Revenue forecasting based on business opportunities / von Fabian Hauser
VerfasserHauser, Fabian
Begutachter / BegutachterinKopacek, Peter
ErschienenWien 2016
Umfangv, 74 Blätter : Diagramme
HochschulschriftTechnische Universität Wien, Univ., Master Thesis, 2016
Schlagwörter (EN)Sales forecast / Cognitive bias / Data analysis / Regression / Resampling / Value at Risk
URNurn:nbn:at:at-ubtuw:1-2956 Persistent Identifier (URN)
 Das Werk ist frei verfügbar
Revenue forecasting based on business opportunities [0.76 mb]
Zusammenfassung (Englisch)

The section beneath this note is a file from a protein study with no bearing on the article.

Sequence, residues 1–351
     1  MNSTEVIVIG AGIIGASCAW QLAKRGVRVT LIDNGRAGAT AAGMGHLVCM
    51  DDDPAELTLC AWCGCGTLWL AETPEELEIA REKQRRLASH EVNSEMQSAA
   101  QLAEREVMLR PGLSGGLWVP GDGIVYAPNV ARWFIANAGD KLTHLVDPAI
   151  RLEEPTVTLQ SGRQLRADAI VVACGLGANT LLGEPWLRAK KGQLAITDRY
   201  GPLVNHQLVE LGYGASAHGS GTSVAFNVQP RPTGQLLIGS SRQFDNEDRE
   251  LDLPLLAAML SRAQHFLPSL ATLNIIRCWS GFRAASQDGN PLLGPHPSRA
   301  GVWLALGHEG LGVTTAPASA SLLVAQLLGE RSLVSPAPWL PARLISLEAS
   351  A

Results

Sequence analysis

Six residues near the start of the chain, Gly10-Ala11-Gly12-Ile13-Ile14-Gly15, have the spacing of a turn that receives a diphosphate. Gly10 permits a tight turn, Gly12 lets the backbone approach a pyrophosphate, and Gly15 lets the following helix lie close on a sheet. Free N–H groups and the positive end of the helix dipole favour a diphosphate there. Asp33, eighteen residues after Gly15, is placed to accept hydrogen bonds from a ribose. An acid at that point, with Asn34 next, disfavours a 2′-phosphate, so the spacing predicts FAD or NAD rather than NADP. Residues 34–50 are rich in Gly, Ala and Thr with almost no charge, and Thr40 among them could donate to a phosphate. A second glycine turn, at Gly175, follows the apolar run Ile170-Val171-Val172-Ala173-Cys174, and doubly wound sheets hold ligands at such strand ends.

CRM Opportunity data from a corporation are analysed for patterns. These data is created from salesmen and provide business opportunity information with win probabilities and volumes. The first step of the analysis is to create crosstables. In the table, observed probabilities and subjective probabilities vary a lot. We also check for probability independencies of opportunities at MDF compared to EFY volumes. As a result, we do not find dependences. The sum of all open weighed MFY opportunities from FY 2012 - 2015 calculated as a forecast for the EFY total volume is â 168.712.641. The realized volume is however â 53.178.551, that is only 33.8% of all weighted opportunities. Even if we assume that we have only the prior knowledge, the 30.6% of the FY are successful, the subjective probabilities are actually pointing into the wrong direction and we obtain a much better EFY estimation than using the subjective probabilities. There is no relationship between the subjective probability judgment and the won opportunities. Finally, a way is found to smooth the crosstable with a logarithm, where again similar probability categories are aggregated to make relationships clearer. In the end, it is clear to see that small volume opportunities tend to have higher success rates than large volume opportunities. Further a model with a deviation of less than 1% is found and a 10% VaR is calculated. It turns out that the model with three sized categories is the favourable, because 10 size categories seem too many and likely create an overfitting effect within the data. The main conclusion is that the company has an issue of very overoptimistic salesmen. We propose not to rely on the -experience- of the salesmen but consider the size of an OI as relevant indicator. Small and medium OIs have higher success probabilities than the average, while large OIs have much smaller ones. Big opportunities are won rather rarely (18%). Maybe the corporation should invest more in their acquirement efforts for big projects. However, a goal needs to be for this company to train their sales staff to make them more sensitive for their business estimations to get better data input and concluding to more data that are reliable to process